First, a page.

Avant-punk is a punk music style characterized by "screeching experimentation," and a term by which critics used to describe the wave of American punk bands from the 1970s. It originated with the New York-based rock band the Velvet Underground, while antecedents included early Kinks and garage band one-shots collected on the Nuggets series of compilation albums. According to critic Robert Christgau, between 1966 and 1975, the only notable acts who could be categorized as "avant-punk" were the Velvets, MC5, Iggy Pop and the Stooges, the Modern Lovers, and the New York Dolls.
|Cultural origins||1960s, New York City, U.S.|
List of artistsEdit
- Smith, Chris (2009). 101 Albums that Changed Popular Music. Oxford University Press. p. 146. ISBN 978-0-19-537371-4.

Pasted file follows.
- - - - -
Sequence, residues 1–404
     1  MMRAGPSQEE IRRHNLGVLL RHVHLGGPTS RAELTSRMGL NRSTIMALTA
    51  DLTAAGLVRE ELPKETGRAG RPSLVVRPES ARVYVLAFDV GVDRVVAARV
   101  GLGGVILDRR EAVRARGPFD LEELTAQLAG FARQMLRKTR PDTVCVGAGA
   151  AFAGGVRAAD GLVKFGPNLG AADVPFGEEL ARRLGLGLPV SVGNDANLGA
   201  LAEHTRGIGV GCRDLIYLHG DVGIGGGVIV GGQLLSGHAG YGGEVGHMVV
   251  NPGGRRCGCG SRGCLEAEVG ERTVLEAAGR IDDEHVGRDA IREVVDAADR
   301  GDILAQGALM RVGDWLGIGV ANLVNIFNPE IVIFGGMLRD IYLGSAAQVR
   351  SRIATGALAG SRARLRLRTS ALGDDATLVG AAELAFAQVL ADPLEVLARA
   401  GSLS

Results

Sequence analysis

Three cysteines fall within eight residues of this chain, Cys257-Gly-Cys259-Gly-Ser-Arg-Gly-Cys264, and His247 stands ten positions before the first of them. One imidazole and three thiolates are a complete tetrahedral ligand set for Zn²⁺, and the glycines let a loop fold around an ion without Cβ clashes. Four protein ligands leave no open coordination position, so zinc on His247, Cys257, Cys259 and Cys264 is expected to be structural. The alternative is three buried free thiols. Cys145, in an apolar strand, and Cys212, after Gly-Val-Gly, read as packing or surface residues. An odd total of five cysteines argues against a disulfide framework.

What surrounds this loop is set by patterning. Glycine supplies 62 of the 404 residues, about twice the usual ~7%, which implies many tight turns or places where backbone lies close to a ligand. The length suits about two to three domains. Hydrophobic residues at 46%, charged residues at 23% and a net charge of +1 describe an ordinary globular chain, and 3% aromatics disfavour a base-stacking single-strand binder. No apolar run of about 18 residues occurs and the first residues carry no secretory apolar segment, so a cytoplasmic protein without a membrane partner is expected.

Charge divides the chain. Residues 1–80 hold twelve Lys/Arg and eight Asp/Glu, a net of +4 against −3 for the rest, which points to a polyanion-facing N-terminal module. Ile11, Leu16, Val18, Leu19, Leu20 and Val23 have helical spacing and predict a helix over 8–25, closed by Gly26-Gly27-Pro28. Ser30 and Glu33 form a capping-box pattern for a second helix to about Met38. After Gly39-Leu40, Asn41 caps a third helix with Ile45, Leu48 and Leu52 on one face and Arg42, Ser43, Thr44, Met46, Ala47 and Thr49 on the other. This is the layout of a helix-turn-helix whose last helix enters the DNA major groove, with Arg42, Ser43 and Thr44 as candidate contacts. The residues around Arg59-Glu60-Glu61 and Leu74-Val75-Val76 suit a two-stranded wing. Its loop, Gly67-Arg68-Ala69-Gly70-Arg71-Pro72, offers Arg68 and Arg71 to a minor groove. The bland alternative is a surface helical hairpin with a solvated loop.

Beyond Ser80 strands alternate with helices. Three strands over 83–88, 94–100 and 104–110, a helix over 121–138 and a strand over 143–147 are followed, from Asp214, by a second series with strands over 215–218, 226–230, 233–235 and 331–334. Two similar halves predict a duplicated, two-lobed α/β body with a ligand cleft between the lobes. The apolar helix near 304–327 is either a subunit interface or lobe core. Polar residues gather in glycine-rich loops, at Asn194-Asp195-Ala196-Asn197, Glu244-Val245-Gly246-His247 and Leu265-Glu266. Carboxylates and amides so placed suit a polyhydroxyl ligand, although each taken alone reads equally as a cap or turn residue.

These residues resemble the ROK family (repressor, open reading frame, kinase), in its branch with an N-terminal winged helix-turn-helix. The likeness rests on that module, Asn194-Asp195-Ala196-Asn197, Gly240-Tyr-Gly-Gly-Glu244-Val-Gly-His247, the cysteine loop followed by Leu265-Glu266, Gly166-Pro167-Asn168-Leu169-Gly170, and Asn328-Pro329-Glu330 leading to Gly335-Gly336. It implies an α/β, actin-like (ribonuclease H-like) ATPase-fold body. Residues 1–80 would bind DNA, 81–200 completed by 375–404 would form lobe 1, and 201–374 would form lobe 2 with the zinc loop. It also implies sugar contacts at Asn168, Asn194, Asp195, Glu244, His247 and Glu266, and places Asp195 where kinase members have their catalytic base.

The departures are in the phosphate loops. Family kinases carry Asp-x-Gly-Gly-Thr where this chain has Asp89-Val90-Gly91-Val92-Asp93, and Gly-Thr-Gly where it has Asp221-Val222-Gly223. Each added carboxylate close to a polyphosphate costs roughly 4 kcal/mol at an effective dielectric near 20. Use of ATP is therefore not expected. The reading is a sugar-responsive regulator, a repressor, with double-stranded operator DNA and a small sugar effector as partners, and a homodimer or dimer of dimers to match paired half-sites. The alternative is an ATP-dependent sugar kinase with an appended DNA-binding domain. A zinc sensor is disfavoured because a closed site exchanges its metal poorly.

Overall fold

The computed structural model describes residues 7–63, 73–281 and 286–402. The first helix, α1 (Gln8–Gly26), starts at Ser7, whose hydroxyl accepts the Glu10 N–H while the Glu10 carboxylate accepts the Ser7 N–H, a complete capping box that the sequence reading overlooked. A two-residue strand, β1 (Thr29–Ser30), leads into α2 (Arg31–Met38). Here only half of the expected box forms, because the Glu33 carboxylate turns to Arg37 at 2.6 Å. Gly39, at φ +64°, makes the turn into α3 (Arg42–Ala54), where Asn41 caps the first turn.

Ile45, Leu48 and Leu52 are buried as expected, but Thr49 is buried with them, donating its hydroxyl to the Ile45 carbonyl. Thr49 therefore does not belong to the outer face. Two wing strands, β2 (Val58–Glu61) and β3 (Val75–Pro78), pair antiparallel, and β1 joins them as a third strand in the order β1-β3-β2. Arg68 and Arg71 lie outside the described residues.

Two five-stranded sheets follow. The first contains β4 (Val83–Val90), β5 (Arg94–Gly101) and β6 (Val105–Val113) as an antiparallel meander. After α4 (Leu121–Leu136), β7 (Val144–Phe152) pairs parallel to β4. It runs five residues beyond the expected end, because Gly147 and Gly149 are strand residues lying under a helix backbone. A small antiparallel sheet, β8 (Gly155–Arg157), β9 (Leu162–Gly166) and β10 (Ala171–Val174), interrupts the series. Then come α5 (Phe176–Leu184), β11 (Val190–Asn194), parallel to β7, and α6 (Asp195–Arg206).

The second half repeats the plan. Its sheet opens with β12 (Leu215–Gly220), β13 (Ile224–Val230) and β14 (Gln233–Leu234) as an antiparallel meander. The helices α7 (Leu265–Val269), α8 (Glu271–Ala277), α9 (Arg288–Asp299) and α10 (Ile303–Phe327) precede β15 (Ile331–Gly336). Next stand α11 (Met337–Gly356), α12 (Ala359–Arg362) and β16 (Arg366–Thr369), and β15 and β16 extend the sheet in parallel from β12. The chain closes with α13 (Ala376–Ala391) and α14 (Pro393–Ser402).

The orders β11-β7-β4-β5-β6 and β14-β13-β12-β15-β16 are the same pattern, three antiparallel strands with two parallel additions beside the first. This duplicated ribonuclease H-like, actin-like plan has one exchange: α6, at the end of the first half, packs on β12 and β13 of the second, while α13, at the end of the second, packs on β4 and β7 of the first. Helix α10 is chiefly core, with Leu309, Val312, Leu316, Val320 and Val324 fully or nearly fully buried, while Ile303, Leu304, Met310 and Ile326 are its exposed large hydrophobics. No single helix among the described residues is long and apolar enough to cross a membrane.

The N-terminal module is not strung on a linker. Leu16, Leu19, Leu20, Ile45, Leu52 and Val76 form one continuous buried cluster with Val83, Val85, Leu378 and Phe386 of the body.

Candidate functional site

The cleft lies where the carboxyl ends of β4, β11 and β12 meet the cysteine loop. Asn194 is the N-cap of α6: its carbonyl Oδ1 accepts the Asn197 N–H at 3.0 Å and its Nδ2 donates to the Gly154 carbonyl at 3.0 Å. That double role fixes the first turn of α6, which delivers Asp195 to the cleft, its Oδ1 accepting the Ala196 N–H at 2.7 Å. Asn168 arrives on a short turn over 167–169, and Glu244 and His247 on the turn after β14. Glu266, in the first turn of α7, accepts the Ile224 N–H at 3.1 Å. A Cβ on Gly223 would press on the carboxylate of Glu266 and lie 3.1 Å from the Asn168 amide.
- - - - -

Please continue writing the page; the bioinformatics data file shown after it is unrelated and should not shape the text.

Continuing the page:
- Christgau, Robert (October 24, 1977). "Avant-Punk: A Cult Explodes . . . and a Movement Is Born". Village Voice.
- Strong, Martin C.: "The Great Alternative & Indie Discography", 1999, Canongate, ISBN 0-86241-913-1
- "Holland's Avant-punk Heroes" Archived January 16, 2009, at the Wayback Machine
- "Pinnacle of Punk" article from The Brooklyn Paper
- Dolan, Casey (May 5, 2007). "Downloads." Los Angeles Times
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